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In re Motors Liquidation Co.

United States Court of Appeals for the Second Circuit
777 F.3d 100 (2015)

In re Motors Liquidation Co.


General Motors (GM) entered into two separate financing arrangements. The first financing arrangement was a synthetic lease that provided approximately $300 million from a syndicate of lenders. JPMorgan Chase Bank, N.A. (JPMorgan) (defendant) served as the administrative agent for the lenders on the synthetic lease. This synthetic-lease arrangement gave the lenders a security interest in 12 parcels of real estate. The second financing arrangement was a term loan that provided GM with approximately $1.5 billion from a different syndicate of lenders and included a security interest in a large number of GM’s assets. JPMorgan also served as the administrative agent for the term loan. Eventually, GM arranged to pay off the synthetic lease and hired a law firm, Mayer Brown LLP, to handle the transaction. A paralegal was assigned to determine which Uniform Commercial Code (UCC) filing statements the lenders needed to release in connection with the pay off. The paralegal mistakenly included the primary UCC financing statement for the term loan with the statements for the synthetic lease. Mayer Brown LLP prepared a closing checklist and UCC-3 termination statements that included terminating the term-loan financing statement. JPMorgan and its counsel, Simpson Thacher & Bartlett LLP, approved the documents, and the UCC-3 termination statements were filed. Later, GM filed for bankruptcy. JPMorgan then discovered the mistake and told the Committee of Unsecured Creditors (the Committee) (plaintiff) that the termination statement for the term-loan financing statement was a mistake and ineffective. The Committee filed an adversary action, seeking a declaration that the term-loan termination statement was effective. The bankruptcy court ruled that the termination statement was unauthorized and, therefore, ineffective. The Committee appealed to the United States Court of Appeals for the Second Circuit. The Second Circuit then certified a question to the Delaware Supreme Court: must a secured lender intend to terminate a particular security interest in order for an authorized termination statement to be effective? The Delaware Supreme Court answered: no. A termination statement that was properly authorized is effective even if the secured lender did not intend to release a particular security interest.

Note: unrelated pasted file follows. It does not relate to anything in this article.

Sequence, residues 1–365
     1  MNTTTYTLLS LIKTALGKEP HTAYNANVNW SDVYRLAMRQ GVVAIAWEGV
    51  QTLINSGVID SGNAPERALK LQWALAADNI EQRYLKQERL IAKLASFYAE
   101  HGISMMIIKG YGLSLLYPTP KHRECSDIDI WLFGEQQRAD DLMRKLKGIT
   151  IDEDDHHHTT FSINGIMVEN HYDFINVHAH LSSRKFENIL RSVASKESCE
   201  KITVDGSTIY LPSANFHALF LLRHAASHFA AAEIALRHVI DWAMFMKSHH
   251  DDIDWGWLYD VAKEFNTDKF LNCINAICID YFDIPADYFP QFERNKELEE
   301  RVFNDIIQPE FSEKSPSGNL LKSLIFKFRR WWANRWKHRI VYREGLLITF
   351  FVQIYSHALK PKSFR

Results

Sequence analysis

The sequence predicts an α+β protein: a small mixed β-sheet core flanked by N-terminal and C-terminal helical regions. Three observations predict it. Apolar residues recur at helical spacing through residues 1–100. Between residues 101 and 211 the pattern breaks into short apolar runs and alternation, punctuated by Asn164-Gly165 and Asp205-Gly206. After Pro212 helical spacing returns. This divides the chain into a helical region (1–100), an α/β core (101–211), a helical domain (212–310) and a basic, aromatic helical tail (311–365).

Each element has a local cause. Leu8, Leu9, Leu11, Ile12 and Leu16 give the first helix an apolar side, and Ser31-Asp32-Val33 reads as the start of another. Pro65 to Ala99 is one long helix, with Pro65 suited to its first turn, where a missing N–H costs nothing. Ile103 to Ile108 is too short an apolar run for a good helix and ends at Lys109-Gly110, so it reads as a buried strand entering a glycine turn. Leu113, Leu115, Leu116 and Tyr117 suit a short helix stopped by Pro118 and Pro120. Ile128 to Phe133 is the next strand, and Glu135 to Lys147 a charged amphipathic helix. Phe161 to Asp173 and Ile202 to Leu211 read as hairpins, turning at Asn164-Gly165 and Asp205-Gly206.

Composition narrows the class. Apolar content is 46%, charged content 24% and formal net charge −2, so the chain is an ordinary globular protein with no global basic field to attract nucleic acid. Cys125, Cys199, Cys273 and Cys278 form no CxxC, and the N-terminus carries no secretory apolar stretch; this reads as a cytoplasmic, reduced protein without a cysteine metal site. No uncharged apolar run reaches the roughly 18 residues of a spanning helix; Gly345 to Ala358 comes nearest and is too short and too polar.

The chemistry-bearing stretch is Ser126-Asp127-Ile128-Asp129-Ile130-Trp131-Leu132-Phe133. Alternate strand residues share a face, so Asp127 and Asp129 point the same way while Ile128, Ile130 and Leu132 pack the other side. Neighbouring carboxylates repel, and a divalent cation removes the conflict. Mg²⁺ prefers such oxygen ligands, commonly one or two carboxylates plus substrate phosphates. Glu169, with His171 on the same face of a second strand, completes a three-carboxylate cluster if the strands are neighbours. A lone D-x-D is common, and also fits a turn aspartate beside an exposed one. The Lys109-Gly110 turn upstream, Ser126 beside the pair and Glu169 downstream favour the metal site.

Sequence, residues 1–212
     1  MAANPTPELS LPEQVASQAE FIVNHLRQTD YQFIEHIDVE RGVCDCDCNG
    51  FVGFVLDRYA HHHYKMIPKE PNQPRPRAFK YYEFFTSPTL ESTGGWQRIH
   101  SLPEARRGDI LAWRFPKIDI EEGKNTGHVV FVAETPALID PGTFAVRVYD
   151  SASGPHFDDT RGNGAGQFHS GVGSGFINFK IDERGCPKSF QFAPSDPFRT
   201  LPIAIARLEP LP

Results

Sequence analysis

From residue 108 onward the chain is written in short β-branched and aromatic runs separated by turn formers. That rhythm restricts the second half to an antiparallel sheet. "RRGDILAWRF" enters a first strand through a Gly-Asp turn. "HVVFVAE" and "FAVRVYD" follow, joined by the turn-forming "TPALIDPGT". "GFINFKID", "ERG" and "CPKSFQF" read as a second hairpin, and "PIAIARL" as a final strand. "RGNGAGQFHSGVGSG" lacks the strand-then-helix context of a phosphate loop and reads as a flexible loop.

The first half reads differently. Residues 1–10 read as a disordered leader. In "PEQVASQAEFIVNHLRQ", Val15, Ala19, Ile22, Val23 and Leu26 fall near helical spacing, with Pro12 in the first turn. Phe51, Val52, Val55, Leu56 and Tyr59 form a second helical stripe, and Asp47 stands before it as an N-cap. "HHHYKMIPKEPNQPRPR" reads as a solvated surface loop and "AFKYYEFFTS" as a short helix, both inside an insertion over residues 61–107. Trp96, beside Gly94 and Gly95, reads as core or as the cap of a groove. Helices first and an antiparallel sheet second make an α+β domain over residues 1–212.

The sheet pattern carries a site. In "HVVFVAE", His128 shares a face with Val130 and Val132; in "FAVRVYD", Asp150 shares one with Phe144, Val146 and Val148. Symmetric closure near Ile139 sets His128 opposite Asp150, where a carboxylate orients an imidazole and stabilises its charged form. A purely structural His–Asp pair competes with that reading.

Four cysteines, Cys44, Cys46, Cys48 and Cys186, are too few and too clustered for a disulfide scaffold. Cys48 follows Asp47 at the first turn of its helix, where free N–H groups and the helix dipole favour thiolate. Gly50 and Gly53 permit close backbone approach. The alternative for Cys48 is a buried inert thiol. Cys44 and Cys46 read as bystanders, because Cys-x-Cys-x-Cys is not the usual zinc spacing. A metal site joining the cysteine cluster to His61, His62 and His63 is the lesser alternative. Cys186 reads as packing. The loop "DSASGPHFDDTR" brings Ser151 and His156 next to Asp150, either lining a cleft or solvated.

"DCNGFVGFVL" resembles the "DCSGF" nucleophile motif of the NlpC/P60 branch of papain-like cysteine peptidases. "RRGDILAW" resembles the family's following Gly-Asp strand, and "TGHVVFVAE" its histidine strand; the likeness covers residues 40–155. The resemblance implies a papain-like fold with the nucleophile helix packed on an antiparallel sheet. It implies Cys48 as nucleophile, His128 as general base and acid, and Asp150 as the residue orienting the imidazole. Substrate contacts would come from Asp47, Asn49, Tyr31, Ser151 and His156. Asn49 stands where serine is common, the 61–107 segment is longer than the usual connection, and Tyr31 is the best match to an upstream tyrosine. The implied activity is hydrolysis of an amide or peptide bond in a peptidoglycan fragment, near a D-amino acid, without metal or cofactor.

Rule of Law


Holding and Reasoning (Per Curiam)

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